Liverpool in big trouble
It was billed as make-or-break time and in the end Liverpool's reputation lay in tatters all around Anfield.
You might think that overly harsh after a 2-1 defeat, courtesy of a late, late goal, at home to a talented Lyon side in the Champions League.
But this was Anfield. This was English football's European fortress. A venue famous around the world for its intimidating atmosphere, its anthems and history - and the crushing pressure which invariably sucks the life out of opponents.
Against Lyon there was none of that.
Against Lyon there were all the signs of an ailing football club, a mediocre team and a manager in Rafael Benitez who is feeling the strain and running out of ideas.
Heaven knows, Liverpool have been making do and mending for some time now.
The new stadium they were promised has not materialised.
The in-fighting between American owners Tom Hicks and George Gillett has been unhelpful.
The big cash to compete with Chelsea and Manchester United has not been forthcoming.
There has been a pervading sense of catastrophe just around the corner.
Football always finds out the weaknesses eventually and a run of four successive defeats suggests Liverpool are in big trouble.
"A massive disappointment," was Jamie Carragher's verdict. In truth even that was understatement.
In mitigation, Liverpool were missing top striker Fernando Torres and £17m Glen Johnson. And after 24 minutes club talisman Steven Gerrard joined them on the sidelines after suffering a recurrence of his groin injury.
Three top talents gone; few sides could ride such heavy blows without breaking stride.
But Liverpool have made a habit of railing against adversity. Remember that late, late goal against Olympiacos? Remember 2005 in Istanbul and all that?
But those came courtesy of Gerrard.
It has been obvious for some time that they have been a side over-reliant on Gerrard and Torres.
But it would be simplistic to say their problems ended there.
After all, where is the speed of thought? Where is the imagination? Where is the precision passing and unity they had shown when they slugged it out for the title with Manchester United only last season?
The obvious answer is that they have relocated to the Bernabeu where Xabi Alonso is helping to make Real Madrid tick.
Alberto Aquilani might be a suitable replacement for Alonso. The problem is no-one knows because he has not played since his summer transfer and the folly of purchasing an injury-prone player amid a rehabilitation programme has not been lost on a section of Liverpool fans.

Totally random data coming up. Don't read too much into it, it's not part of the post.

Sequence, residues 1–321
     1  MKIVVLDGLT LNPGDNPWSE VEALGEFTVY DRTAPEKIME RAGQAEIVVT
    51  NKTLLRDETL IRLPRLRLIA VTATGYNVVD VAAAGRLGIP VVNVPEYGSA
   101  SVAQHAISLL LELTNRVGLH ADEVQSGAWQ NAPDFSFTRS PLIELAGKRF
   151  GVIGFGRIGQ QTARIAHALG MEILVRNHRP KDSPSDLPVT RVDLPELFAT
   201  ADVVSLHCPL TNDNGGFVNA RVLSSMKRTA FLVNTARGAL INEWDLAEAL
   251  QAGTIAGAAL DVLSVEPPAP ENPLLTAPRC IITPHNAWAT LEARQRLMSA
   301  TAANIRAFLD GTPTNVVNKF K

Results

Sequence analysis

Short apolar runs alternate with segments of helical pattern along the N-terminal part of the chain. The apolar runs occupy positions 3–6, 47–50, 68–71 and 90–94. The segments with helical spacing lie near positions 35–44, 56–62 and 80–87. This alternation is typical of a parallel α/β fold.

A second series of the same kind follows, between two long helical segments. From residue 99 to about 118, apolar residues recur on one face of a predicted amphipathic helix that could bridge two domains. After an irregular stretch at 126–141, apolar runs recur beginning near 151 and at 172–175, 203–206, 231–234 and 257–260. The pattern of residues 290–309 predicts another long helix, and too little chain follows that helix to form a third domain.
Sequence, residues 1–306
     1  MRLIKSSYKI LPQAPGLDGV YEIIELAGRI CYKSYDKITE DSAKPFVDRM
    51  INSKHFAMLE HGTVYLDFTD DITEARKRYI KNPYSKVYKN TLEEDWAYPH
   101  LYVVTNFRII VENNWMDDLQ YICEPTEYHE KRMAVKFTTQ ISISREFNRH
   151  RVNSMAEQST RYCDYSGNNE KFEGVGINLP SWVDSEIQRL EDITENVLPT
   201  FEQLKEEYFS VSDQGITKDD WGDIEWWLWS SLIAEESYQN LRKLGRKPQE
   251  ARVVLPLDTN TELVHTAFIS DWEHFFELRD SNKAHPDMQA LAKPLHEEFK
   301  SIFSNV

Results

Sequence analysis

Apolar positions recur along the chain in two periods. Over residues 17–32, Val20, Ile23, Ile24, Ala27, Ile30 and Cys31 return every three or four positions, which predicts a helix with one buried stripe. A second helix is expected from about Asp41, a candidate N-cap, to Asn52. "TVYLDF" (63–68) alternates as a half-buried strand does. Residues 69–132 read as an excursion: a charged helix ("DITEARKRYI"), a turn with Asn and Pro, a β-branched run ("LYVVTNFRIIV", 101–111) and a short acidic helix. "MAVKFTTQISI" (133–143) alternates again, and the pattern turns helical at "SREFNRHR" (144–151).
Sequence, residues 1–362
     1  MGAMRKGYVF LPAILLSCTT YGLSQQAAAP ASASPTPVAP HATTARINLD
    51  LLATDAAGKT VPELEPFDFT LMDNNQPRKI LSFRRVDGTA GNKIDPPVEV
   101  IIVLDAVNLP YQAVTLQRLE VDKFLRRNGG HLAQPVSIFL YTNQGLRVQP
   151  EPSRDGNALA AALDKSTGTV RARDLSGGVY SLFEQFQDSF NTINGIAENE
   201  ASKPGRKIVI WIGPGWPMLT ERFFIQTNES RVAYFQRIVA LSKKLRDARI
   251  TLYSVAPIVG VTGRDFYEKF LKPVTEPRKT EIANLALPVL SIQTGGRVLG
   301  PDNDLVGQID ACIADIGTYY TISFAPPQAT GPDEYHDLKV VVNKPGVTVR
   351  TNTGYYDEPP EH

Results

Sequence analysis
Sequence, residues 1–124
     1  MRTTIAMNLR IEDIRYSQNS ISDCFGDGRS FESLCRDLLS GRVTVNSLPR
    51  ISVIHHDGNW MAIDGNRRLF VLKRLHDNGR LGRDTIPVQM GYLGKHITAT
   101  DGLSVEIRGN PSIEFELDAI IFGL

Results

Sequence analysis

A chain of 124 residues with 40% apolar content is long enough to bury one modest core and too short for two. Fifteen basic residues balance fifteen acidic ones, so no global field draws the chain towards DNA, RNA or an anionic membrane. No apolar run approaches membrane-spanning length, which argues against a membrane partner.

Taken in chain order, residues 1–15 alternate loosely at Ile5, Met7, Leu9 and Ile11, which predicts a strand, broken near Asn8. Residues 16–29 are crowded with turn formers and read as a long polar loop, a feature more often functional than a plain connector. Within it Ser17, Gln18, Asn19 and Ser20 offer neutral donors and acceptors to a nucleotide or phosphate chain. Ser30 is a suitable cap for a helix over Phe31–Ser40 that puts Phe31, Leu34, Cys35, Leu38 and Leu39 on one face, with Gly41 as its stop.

That is down to Benitez. So was the bizarre decision to substitute Yossi Benayoun, Liverpool's goalscorer, 10 minutes before the end when the Israel international was their brightest creator and a tireless worker.
Yet a nervy night was not all about Liverpool's failings. Lyon play eye-candy football: slick passing, pretty patterns, lacerating crosses with Sidney Govou, Kim Kallstrom and Lisandro Lopez a real handful.
They were the better side in the first half hour and while Liverpool found a way to claw themselves ahead through Benayoun it has to be said that Lyon more than shaded the second half.
They deserved their equaliser when Maxime Gonalons headed home after a double save from Jose Reina. And can anyone argue that they did not deserve their last-minute winner from Delgado after they had pressed back Liverpool with the quality of their passing? Not really.
So where does it leave Liverpool? Struggling for sure to reach the knockout stages in a group which also contains the impressive Fiorentina.
Yet Benitez's biggest test is yet to come - at Anfield on Sunday against Manchester United when defeat would almost certainly end their hopes of the Premier League title for another year before the autumn leaves have fallen.
The Liverpool of old would relish such a challenge. They would belt out 'You'll Never Walk Alone'. They would invoke the spirit of Shankly and Paisley. In all likelihood they would walk all over their biggest rivals.
But nothing about the current Liverpool can be taken for granted, even at Anfield. In short, the aura is missing. It is Benitez's biggest problem.